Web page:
All of these threads loosely come together in this volume, linked with gentle crushes and one particular girl who seems to be at the center of everything, although we never actually see her face. Hoshimiya, the granddaughter of the head of the school, is a character who barely speaks and is mostly seen from the side, giving that impression even when she's drawn head-on. She clearly feels caught in a web of tradition, as we see when Hana, one of the other main characters, catches her when she either jumps or falls from her window (which she was doing or her intention in doing so is deliberately left unclear). Hana immediately develops an almost-crush on Hoshimiya; it's perhaps less romantic at this point as it is sheer fascination tinged with sadness. Hoshimiya is the one person Hana doesn't mind seeing her as the “prince” of the school, a role she otherwise resents, with her classmate Saeki as the only other person who is aware of that.
Saeki has a crush on Hana, setting things up for a love triangle as the story progresses. But more than that, Saeki and Hana are both outsiders to a degree at the school – they both commute daily instead of being boarding students. This means that although they are immersed and active in school life, they're still not fully integrated and are a little creeped out by some of the habits of the boarding students. This fringe status may become important as the story progresses, if only because it allows them, perhaps, to see what is too close for the others to notice.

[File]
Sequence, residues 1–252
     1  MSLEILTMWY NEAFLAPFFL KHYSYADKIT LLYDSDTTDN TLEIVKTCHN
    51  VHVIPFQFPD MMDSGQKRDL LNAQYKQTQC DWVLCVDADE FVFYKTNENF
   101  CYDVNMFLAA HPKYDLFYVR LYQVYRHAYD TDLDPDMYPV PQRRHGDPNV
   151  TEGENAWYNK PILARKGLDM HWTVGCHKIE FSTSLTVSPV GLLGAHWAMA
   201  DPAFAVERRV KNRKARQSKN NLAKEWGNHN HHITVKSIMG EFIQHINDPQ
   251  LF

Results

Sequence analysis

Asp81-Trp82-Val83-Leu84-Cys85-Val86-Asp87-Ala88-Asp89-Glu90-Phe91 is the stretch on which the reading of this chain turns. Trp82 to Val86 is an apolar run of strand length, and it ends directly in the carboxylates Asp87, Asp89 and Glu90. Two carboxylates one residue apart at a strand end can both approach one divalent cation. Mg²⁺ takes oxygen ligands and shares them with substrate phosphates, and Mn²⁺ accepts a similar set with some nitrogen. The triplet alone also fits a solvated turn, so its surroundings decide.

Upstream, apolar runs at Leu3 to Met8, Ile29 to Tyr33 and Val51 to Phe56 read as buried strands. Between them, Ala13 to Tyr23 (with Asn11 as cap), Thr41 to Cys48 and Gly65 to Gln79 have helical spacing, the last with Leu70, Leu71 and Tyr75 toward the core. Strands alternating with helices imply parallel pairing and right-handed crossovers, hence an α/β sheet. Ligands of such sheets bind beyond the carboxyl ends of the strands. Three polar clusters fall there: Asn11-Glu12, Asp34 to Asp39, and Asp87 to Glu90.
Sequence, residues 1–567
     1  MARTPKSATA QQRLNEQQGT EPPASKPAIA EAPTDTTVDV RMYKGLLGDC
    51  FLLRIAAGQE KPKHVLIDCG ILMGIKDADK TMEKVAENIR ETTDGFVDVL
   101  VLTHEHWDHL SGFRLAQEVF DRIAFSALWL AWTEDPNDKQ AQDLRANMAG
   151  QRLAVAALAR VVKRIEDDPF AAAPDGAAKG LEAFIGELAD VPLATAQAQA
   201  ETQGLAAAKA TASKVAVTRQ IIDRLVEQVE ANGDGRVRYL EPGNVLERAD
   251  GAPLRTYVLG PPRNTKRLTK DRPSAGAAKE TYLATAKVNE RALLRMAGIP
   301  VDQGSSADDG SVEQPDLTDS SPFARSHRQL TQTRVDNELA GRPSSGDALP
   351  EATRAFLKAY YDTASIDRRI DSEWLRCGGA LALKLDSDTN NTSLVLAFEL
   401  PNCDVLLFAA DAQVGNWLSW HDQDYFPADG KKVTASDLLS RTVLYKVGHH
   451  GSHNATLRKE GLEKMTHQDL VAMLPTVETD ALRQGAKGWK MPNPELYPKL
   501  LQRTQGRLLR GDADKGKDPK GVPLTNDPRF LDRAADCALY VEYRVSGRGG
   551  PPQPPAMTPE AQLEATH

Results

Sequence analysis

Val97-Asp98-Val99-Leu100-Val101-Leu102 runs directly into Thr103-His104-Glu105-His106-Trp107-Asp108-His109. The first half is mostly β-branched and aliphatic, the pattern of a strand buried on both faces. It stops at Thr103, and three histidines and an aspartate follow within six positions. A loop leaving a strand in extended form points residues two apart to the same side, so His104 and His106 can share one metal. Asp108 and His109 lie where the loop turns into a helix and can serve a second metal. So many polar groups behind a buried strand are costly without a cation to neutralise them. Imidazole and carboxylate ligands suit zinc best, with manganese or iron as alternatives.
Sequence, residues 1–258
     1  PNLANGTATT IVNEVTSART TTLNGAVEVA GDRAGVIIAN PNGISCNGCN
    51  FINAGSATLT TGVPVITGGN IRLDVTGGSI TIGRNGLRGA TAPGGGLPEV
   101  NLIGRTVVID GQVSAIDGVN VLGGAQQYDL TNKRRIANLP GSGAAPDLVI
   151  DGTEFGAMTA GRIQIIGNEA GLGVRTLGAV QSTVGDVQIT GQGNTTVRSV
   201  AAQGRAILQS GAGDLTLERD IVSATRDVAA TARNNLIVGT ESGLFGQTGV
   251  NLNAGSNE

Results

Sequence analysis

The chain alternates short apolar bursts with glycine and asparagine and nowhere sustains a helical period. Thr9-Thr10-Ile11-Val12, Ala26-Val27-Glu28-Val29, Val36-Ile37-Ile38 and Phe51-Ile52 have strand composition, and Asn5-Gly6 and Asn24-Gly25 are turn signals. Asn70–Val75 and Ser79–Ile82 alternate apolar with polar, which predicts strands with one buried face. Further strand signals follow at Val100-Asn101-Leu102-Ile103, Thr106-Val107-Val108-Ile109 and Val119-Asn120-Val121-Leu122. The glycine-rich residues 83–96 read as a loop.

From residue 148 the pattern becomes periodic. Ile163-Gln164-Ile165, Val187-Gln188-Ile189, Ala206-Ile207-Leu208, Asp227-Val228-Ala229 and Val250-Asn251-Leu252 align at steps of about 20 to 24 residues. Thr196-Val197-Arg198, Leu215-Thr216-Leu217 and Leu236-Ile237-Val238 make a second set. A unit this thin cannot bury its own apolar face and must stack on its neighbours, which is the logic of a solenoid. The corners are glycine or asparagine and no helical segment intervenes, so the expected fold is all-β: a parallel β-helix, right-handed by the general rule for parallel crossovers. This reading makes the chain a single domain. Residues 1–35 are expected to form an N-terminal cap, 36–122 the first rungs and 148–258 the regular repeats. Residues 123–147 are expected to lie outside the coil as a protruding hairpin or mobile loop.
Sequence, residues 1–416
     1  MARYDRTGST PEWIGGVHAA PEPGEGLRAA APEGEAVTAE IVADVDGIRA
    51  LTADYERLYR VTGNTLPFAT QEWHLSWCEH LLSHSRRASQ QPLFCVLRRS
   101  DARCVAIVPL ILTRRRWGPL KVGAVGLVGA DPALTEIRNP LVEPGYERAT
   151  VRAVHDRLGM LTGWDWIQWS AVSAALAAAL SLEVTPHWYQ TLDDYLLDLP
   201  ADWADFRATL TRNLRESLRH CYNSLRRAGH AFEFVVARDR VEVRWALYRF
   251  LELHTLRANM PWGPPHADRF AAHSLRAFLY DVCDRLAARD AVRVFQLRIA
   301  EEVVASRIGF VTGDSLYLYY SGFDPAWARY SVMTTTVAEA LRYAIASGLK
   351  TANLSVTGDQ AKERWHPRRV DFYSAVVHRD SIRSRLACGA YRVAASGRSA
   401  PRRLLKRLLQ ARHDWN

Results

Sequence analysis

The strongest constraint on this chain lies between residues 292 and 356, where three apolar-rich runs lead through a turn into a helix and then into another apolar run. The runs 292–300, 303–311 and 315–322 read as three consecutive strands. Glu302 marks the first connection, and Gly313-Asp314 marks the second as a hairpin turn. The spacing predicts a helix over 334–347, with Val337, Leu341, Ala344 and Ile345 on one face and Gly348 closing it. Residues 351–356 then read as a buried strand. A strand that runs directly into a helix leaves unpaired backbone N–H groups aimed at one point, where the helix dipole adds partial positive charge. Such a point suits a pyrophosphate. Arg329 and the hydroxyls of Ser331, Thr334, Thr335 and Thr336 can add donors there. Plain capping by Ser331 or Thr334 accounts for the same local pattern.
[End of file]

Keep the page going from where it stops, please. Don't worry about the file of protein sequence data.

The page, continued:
Yuriko Hara's artwork is appropriately delicate for this story, but readers who are uncomfortable with seeing just tangles of hair such as you might find on a pillow or hairbrush should be aware that there are a lot of scenes like that. Although you wouldn't necessarily know that they were hair without being told, the text makes it very clear what you're looking at. The hair is the most interesting feature of Hara's art if only because it's also the most dynamic part – movement otherwise is a little bit stilted or awkward, particularly where the movement of skirts is concerned. While the pages are easy to follow, keeping characters straight isn't, which may also be an issue.
Cocoon Entwined's first volume feels a bit like a prelude, the start to a story that hasn't quite gotten off the ground yet. It's an interesting one, but also kind of nebulous. If volume two is able to solidify things more, this could be a series worth keeping an eye on.
Overall : B-
Story : B-
Art : B
+ Effective creepy overtones, interesting use of hair and ideas of femininity